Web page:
By Nicasia Picciano, PhD, @NicasiaPi
20 December 2023, dtt-net.com – The misuse of public funds, voter intimidation and cases of votes buying in the recent parliamentary elections in Serbia registering 6,500,666 voters, held on December 18, are worrying and at the same time expected. This is valid for news about buses carrying non-residents being taken to Belgrade to vote too, which is though shocking.
Also, the recent elections are very much telling about an autocratic regime which keeps being pleased by the EU. The real truth is that Serbia is a de facto autocracy and a democracy on paper only. What`s more, there is inevitably a consistent responsibility of the EU in enabling the decline of democracy in Serbia to such a degree. A too lenient appeasement policy also with a look at the Serbia-Kosovo relations has been counterproductive.
These were the third parliamentary elections in less than four years. This pattern has undoubtedly undermined people`s trust in democratic institutions and electoral processes and does not contribute to efficient democratic governance. Also, the political landscape is shaped by the continued dominance of the ruling Serbian Progressive Party (SNS) and the incumbent president Mr. Vučić since 2012.
Whether there is still not a firm EU action, apart from expressions of concern, about the way the election process took place, Germany has spoken out loud that this is unacceptable for a country with a EU candidate status.
Pressure on voters as well as the decisive involvement of the President and the ruling party’s systemic advantages undermined the overall election process. There were a number of procedural deficiencies, including frequent cases of overcrowding, violations of the secrecy of the vote, and numerous instances of group voting.
At the same time, though, people in Belgrade protested following the elections showing their not acceptance of voter fraud and election stealing. This clearly shows citizens` dissatisfaction with the current state of affairs. And, the EU should listen to these voices, but not underestimate them.
The way the recent parliamentary elections took place in Serbia are not solely worrying for the sake of democracy of the country’s itself, but also for its relations with Kosovo, the region’s stability and the EU’s overall security too. In other words, there won’t be a long-lasting peace between Kosovo and Serbia without the democratization of Serbia itself.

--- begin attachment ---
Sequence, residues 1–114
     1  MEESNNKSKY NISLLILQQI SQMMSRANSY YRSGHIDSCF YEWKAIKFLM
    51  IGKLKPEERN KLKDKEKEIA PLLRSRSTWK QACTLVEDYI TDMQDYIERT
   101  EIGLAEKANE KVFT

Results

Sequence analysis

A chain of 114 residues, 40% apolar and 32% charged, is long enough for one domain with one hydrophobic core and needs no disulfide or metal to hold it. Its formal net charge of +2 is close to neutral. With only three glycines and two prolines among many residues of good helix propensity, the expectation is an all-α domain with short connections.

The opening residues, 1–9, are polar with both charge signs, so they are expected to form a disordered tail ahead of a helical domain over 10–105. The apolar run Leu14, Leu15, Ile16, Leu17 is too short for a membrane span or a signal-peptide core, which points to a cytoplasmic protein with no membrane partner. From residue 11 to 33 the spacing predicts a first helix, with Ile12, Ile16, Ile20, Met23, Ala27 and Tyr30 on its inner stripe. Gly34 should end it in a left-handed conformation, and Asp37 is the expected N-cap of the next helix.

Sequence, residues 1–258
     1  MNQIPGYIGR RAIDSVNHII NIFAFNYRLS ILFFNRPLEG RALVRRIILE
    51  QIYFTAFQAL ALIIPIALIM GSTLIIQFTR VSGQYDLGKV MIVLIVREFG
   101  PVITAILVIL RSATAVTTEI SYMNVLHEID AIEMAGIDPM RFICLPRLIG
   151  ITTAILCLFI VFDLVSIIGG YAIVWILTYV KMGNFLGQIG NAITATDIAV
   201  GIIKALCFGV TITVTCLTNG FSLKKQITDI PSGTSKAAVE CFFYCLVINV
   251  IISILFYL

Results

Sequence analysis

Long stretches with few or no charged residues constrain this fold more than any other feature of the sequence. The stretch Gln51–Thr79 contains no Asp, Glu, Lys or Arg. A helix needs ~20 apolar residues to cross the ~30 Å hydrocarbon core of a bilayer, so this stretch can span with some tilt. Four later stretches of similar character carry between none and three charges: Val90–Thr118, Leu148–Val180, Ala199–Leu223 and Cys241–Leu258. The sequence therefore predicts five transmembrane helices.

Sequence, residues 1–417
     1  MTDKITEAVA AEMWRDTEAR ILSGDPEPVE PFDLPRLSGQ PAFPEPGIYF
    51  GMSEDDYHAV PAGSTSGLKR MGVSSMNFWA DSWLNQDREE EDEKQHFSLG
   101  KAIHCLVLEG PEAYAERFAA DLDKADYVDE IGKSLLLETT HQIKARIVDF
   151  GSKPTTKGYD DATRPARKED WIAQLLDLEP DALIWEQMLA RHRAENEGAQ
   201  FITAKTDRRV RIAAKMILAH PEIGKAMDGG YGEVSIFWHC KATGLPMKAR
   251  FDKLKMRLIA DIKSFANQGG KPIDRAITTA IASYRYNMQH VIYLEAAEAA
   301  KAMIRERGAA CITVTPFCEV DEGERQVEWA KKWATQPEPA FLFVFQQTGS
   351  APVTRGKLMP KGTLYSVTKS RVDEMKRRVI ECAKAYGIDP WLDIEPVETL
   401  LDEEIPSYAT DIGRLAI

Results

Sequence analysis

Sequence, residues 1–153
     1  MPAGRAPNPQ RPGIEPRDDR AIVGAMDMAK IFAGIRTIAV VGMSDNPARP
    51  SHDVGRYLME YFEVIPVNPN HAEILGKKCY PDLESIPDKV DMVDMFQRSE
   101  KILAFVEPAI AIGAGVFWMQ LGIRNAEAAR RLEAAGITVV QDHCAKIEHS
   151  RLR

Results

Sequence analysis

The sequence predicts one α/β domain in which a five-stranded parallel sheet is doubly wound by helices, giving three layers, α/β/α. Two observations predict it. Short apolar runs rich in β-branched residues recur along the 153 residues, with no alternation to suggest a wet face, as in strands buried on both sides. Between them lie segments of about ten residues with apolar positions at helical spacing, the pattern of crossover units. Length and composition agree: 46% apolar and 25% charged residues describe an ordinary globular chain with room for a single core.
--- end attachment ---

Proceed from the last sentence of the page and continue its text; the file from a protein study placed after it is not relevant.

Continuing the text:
The EU should, therefore, take a clear position towards Belgrade. Not solely election irregularities should be properly investigated and summoned, but also any further obstructionist action toward Kosovo should be timely punished. What`s more, EU’s own security won’t be safe with an autocrat playing games for its own benefits, while openly being close to his fellow ‘brothers’ Putin and Jinping.
For the EU to regain its credibility in the region, there is the need for thinking of a new strategy towards Belgrade. The EU-mediated Dialogue between Serbia and Kosovo is dead and there are little chances that Vučić would change its position towards Kosovo. In the meantime, any undemocratic domestic development must be properly admonished and, if not timely corrected, punished. There must not be space for mercy.
Under Vučić`s leadership Serbia is not moving towards democracy and it won`t do so. Facts show the contrary and the EU should wake up and decline any further support to Serbia`s EU accession process under these conditions once and for all. Otherwise said, rule of law should not be sacrificed at the expenses of a shallowed stability.
Vote theft, bribery and corruption must not be allowed in a democratic world. Just like Orbán, Vučić is increasingly becoming a factor of uncertainty for the EU. And Brussels must not turn a blind eye towards this.
Sunday elections` results were cheated and Vučić’s international legitimacy is put into question. Also, they are indicative of how illusory is the idea of any consistent paradigm shift towards Kosovo, as long as Vučić is in power and he is allowed to do what he wants. It is time to show him where the limits are.
Nicasia Picciano holds a Phd on European Union state-building in Kosovo from the University of Flensburg, Germany. She is the author of the book the European Union State-Building in Kosovo. Challenges and Lessons Learned: An Assessment of EULEX, Dr. Kovač, Hamburg. She has previously worked as a researcher for Kosovo Foundation for Open Society, Prishtina, Group for Legal and Political Studies, Prishtina and Balkans Policy Research Group, Prishtina. Currently, she covers the Western Balkans for Sbunker (Prishtina) and Le Courrier des Balkans (Paris). Her research interests span from peace- and state-building, reconciliation and ethnic conflict, cultural tourism, green energy transition, the Berlin Process and the Connectivity Agenda in Kosovo and the Western Balkans.
The views and opinions expressed in this article are those of the author and do not necessarily reflect the official policy or position of dtt-net.com